Doctor of Nursing Practice
Dr. Constance Glenn DNP, MSN, FNP-BC, CNE
Dr. Kassandra August-Marcuccio, RN, DNP
Background and Significance: Shift work including work schedules beyond the typical "nine-to-five," causes the disruption of sleep-wake behaviors (Healy et al., 2021). The circadian misalignment is a potential pathway for the development of metabolic diseases, excessive daytime sleepiness, sleep deprivation, and declines in alertness and performance among night shift workers (James et al., 2017; McHugh et al., 2020; Parry et al., 2018). Emerging evidence suggests that physical activity synchronizes the sleep-wake cycles (Healy et al., 2021).
Purpose: This quality improvement project (QI) aimed to improve night-shift nurses ‘subjective daytime sleepiness by incorporating a 4-week worksite walking activity during working hours.
Design: This QI used a pre-post-design to compare the subjective daytime sleepiness scores of the night shift nurses before and after the walking intervention (WI).
Methods: A convenience sample of 12 registered nurses (RNs) and nursing assistants (NAs) was identified from three in-patient units in the southern New England facility. The model of Improvement and a Plan-Do-Study- Act (PDSA) cycle were utilized to drive the QI. An Epworth Sleepiness Scale (ESS) survey was disseminated to the night-shift healthcare workers before and after the 4-week WI to evaluate the improvement of their subjective daytime sleepiness. The night-shift nursing staff walking activity was tracked using wrist-pedometers.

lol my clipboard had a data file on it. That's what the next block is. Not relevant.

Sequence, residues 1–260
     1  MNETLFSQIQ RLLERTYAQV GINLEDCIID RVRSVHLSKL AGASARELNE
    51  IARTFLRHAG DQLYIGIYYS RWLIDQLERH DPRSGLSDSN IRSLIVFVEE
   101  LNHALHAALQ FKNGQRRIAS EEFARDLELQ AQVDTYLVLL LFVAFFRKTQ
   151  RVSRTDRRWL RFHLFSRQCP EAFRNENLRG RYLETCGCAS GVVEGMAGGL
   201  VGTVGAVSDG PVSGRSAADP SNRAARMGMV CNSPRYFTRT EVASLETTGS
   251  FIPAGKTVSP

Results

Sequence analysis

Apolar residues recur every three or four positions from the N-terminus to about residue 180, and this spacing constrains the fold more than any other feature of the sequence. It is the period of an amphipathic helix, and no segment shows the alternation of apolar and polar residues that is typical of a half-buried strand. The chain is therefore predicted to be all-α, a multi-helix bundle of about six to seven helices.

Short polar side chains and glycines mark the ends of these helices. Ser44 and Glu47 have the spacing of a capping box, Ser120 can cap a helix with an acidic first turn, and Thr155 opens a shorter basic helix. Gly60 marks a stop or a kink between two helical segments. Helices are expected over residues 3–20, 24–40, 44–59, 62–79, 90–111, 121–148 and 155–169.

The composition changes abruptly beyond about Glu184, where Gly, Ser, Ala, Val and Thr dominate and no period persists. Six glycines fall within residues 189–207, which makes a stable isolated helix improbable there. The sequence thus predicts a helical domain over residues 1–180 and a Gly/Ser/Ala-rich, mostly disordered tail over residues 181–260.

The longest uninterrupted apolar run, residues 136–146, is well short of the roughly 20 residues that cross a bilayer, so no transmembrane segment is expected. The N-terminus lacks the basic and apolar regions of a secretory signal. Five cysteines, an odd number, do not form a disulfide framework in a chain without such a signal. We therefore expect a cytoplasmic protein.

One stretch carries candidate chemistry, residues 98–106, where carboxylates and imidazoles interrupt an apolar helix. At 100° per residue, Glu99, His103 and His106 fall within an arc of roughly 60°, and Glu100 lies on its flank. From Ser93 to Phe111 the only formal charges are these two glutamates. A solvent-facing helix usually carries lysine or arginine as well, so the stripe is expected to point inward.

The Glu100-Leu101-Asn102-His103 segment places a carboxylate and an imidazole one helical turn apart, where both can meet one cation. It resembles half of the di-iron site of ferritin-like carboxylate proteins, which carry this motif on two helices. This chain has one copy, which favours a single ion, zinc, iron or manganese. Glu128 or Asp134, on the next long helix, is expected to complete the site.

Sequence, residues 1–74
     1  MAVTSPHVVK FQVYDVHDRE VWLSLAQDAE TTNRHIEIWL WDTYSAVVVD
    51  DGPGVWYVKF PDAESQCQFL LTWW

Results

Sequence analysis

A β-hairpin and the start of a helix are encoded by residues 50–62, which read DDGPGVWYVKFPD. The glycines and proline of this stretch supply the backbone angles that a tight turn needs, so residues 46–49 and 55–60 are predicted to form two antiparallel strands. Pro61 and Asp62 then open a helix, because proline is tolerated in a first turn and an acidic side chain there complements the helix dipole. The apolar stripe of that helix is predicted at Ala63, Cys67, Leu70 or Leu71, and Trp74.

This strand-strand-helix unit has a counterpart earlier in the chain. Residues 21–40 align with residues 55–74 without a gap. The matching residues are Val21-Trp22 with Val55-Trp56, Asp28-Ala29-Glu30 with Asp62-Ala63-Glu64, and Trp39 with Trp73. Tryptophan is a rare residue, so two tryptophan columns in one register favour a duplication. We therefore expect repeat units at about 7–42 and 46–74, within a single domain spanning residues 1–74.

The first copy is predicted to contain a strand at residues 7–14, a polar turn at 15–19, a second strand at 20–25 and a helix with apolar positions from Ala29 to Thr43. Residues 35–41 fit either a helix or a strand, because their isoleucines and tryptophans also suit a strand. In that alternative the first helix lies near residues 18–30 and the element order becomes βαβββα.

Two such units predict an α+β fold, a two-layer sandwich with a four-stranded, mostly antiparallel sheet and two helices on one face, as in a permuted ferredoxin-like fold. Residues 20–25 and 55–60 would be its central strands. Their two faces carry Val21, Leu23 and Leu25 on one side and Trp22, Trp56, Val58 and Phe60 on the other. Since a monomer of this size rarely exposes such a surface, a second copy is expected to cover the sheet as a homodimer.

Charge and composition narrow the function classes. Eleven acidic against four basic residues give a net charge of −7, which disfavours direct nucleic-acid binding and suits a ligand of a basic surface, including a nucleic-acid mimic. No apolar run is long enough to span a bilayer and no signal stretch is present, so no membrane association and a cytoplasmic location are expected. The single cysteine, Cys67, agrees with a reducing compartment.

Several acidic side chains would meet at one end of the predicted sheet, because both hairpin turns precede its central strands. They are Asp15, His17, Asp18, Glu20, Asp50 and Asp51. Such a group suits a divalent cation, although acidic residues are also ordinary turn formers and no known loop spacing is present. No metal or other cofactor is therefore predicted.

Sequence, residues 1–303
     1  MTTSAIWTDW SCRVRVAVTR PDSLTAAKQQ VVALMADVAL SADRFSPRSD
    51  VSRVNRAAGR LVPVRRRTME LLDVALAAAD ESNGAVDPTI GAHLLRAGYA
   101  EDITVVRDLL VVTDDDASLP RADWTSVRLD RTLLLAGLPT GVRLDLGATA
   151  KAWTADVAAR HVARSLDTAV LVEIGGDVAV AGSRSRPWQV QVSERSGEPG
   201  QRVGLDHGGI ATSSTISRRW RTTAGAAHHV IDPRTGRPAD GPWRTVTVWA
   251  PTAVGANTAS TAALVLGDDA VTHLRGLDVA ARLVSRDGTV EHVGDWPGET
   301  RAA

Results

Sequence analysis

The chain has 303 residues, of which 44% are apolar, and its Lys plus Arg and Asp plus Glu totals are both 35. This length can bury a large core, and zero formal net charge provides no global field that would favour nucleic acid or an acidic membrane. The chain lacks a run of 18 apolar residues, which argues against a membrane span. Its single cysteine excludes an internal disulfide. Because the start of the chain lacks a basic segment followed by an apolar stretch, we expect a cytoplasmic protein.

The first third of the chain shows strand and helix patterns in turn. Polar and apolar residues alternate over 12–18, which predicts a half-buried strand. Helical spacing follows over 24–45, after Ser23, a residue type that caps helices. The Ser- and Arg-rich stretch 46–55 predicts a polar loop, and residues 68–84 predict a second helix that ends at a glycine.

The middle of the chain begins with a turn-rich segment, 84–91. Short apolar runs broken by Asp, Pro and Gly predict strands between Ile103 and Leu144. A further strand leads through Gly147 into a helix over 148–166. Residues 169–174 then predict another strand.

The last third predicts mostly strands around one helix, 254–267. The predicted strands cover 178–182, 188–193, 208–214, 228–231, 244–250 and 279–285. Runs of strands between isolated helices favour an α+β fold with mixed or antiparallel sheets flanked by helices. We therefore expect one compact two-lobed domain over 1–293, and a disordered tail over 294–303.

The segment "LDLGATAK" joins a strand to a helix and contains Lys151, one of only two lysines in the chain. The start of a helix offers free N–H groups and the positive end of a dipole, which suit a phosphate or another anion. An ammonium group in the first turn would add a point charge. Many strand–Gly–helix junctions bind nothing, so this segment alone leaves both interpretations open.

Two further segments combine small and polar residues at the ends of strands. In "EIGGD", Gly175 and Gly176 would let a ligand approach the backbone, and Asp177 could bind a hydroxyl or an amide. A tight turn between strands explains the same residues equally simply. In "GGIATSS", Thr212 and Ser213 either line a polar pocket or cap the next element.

Results: Monitoring of the nursing staff’ subjective daytime sleepiness was continued for 3 months. There was a decrease in the nurses’ abnormal range of sleepiness from 33% at the beginning of the walking intervention (WI) to 16% post- WI.
Conclusions/Implications: This QI project did not induce a significant improvement but did create a decrease in subjective daytime sleepiness as well as a culture change among the night shift healthcare workers on the units at this facility where the WI was implemented.
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Sooh Nkongo, M. (2023). Use of a worksite physical activity to improve subjective daytime sleepiness among night shift healthcare workers: A quality improvement project [Unpublished DNP project]. Sacred Heart University.
Available for download on Friday, May 10, 2024